Why won’t these people disappear when I want them to?

In the various outcries about how Cho had been hospitalized, i’ve noted a disturbing undercurrent. There seems to be an expectation that once identified as “mentally ill” that this would somehow guarantee that the individual would be safely and indefinitely removed from society.

For the record, most states require that threat to others not be documented by general attitudes or such, but specific and credible information.

Part of the problem that we’re hitting here is that the mental health care system is so broken that in all but the most extreme cases, it is not possible in terms of logistics or finance to provide in-patient care. More over, this highly confrontational and crisis oriented model of care does little to give long term help those who are brought through it.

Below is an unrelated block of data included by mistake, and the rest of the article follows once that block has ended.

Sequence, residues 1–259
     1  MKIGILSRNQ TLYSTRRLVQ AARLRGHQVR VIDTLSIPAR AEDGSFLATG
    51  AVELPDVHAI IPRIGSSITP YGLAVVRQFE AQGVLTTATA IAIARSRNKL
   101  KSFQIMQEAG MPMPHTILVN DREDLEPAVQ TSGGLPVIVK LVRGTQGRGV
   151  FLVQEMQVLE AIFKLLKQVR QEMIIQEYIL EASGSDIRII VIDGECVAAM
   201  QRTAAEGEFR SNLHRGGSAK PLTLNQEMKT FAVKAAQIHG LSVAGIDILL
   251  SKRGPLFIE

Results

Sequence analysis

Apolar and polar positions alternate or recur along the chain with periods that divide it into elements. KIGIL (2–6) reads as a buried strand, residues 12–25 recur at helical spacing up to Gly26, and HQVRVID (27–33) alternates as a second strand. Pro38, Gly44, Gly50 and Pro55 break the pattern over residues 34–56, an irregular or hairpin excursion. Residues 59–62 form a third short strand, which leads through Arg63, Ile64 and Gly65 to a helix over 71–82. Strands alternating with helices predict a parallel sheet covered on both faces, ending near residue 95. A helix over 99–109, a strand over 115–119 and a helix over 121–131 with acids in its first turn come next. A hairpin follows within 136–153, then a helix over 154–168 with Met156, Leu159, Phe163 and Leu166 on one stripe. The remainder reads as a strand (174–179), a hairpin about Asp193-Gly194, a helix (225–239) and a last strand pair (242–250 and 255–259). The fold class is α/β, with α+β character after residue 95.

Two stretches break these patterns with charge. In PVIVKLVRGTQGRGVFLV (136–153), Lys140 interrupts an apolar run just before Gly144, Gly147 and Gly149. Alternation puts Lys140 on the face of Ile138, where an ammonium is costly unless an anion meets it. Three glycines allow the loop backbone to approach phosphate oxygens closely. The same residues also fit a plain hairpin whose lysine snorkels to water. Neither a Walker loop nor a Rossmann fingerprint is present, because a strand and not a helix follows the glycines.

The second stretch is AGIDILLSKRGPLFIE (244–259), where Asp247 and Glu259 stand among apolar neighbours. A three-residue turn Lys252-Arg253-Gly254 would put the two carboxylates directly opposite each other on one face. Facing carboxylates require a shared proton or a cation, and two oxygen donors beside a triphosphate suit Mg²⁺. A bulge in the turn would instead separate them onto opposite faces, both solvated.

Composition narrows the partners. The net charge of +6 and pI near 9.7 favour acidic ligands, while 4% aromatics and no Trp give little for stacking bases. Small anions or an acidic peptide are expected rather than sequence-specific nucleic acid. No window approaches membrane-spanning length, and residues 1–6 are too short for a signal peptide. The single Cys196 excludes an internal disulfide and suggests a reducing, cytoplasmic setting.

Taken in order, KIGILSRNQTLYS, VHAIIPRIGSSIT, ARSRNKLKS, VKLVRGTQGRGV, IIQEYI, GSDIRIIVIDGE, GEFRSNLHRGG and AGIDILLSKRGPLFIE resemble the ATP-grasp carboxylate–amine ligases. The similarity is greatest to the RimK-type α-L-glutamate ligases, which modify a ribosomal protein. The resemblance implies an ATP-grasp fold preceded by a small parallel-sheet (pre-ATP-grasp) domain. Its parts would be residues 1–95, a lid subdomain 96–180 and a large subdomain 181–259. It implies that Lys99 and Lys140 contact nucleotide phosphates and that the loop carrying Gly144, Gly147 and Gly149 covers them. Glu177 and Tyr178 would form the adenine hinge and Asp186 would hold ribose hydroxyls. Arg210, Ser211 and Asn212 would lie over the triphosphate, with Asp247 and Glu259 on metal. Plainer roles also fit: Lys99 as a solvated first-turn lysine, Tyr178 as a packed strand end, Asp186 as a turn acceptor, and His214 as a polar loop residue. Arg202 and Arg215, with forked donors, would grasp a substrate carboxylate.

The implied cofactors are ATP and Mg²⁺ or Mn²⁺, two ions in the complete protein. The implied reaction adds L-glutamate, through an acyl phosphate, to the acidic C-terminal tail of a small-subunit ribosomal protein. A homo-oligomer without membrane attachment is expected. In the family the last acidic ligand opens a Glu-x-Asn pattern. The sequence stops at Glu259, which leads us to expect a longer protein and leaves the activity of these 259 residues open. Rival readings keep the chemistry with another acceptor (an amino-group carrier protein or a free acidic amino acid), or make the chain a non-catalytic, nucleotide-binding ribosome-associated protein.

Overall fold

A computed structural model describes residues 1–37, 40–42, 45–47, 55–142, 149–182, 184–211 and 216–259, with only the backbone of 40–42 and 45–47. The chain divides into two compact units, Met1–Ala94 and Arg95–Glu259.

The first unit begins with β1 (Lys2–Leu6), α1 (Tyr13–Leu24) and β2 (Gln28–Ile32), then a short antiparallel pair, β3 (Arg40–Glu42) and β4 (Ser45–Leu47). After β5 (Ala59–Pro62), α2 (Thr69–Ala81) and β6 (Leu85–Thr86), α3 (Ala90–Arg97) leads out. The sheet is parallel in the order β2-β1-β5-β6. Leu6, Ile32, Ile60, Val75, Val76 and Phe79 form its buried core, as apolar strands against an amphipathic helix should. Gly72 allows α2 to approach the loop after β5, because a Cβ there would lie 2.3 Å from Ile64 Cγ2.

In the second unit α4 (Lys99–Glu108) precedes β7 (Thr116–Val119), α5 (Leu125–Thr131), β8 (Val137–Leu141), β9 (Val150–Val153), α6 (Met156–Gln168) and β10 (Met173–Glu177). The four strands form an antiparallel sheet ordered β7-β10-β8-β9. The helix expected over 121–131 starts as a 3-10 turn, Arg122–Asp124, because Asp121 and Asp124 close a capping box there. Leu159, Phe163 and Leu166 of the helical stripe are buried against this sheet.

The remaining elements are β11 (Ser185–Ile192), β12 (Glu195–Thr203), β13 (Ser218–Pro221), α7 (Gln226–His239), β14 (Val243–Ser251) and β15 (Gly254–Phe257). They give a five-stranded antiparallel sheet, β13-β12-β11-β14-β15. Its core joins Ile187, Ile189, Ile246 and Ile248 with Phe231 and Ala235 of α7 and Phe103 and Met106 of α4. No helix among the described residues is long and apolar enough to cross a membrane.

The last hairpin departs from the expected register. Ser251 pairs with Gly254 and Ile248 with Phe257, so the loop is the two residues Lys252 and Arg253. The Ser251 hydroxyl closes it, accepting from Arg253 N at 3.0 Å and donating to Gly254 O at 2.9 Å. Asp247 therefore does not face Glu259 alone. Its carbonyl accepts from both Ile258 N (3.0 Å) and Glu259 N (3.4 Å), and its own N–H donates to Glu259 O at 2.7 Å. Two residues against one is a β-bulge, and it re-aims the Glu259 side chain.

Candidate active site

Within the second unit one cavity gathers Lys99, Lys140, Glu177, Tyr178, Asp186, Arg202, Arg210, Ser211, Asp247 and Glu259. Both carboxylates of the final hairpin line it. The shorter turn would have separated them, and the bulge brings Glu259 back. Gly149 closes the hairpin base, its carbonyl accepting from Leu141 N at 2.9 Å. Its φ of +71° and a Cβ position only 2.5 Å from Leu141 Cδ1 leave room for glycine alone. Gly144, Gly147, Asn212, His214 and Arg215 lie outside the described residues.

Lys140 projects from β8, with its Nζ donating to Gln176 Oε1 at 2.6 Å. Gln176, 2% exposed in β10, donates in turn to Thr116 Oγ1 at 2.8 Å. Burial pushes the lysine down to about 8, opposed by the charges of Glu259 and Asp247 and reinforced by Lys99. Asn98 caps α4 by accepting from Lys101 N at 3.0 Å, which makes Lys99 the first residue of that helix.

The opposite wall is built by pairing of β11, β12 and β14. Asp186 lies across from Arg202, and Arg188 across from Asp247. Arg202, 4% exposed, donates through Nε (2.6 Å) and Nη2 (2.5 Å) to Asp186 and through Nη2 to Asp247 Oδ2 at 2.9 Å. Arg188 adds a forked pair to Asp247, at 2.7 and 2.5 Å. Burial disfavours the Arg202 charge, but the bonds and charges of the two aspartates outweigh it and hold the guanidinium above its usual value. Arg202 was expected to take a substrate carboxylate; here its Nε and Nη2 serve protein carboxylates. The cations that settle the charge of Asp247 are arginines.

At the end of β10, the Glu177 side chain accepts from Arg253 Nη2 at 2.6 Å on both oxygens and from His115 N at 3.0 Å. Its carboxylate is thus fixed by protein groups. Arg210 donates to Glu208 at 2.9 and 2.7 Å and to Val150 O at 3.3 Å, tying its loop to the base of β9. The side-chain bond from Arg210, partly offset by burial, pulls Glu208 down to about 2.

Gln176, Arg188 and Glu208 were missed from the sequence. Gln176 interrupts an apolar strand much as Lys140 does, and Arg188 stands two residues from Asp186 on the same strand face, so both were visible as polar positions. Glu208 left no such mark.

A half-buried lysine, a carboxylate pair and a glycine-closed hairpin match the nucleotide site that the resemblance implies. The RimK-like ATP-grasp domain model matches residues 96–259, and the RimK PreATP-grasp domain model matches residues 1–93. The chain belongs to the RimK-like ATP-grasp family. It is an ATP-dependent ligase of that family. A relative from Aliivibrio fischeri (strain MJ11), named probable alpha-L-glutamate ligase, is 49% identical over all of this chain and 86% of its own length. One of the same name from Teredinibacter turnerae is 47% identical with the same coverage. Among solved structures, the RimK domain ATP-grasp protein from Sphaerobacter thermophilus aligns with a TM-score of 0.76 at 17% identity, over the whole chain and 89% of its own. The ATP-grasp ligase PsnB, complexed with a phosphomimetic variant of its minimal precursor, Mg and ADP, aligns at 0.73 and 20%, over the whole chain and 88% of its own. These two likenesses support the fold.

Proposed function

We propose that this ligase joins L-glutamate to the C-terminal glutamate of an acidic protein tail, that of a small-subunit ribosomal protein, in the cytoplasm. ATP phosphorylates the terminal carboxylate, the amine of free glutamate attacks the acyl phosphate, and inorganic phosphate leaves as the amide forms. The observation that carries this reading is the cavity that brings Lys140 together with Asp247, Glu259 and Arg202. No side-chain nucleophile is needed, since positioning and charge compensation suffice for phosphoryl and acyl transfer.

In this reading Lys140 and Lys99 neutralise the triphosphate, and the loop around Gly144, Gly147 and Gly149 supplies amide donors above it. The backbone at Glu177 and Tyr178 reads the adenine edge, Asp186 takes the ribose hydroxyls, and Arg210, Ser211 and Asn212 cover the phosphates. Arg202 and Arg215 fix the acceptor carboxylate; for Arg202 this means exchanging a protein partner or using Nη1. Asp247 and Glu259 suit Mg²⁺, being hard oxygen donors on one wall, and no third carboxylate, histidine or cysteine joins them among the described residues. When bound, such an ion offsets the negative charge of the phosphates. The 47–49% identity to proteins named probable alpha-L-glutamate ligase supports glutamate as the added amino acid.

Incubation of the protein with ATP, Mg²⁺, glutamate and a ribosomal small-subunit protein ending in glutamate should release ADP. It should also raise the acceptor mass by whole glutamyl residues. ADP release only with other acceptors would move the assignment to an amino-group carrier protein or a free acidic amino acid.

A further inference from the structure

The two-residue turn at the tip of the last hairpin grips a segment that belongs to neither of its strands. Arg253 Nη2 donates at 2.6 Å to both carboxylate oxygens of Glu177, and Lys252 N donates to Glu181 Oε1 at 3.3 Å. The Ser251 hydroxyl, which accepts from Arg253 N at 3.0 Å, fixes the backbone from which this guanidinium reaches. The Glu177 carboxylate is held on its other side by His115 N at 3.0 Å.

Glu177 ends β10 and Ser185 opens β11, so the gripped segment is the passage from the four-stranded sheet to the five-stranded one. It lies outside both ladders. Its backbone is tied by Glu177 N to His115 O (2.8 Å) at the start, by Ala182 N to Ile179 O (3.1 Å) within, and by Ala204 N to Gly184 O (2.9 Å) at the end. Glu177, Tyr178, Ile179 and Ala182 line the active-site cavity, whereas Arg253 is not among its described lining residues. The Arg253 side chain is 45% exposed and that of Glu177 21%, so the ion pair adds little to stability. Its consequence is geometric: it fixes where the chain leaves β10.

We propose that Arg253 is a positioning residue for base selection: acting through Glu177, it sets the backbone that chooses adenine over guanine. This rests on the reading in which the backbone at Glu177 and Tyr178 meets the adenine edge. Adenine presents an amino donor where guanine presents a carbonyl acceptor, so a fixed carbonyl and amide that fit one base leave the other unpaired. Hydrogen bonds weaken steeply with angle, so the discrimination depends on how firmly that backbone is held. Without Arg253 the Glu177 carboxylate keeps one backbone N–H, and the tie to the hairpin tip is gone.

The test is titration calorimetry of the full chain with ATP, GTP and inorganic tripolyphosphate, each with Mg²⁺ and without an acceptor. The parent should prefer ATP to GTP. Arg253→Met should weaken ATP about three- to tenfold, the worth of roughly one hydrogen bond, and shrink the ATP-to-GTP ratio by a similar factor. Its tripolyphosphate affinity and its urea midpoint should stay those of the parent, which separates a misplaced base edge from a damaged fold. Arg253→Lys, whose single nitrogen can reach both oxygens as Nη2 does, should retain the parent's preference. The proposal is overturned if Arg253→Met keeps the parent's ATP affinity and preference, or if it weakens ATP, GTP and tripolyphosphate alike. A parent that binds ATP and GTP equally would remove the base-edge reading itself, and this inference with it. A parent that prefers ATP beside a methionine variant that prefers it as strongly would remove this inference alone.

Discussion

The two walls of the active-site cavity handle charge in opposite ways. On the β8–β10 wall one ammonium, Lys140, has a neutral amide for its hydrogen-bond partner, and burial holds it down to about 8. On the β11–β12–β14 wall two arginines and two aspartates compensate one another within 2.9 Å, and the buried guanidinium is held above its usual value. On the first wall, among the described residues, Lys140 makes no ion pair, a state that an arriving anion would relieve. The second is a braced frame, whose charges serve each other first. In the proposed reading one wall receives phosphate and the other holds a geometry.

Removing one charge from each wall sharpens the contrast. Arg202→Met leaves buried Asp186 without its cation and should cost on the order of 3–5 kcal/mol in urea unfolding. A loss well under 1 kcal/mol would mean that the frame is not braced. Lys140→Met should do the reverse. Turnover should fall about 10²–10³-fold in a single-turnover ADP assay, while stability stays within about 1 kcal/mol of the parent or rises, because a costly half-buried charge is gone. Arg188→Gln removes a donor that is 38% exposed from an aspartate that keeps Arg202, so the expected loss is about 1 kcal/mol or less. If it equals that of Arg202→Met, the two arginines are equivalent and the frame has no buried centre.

Beds are only made available in extreme circumstances, leaving simmering problems until they have finally boiled over…with little to no preventative care available for lower income individuals.

Finally, and importantly, the system at present lacks the moral and ethical basis that we might reasonably require individuals to participate in it. We have the legal power to coerce an individual to be at a hospital, but if all they will do is drug them and then cast them out again, we have not used that power in an effective way.

“But he was even hospitalized” seems to be the perceived injury that the memory hole of institutionalization did not sufficiently destroy and hide the individuals who were placed there.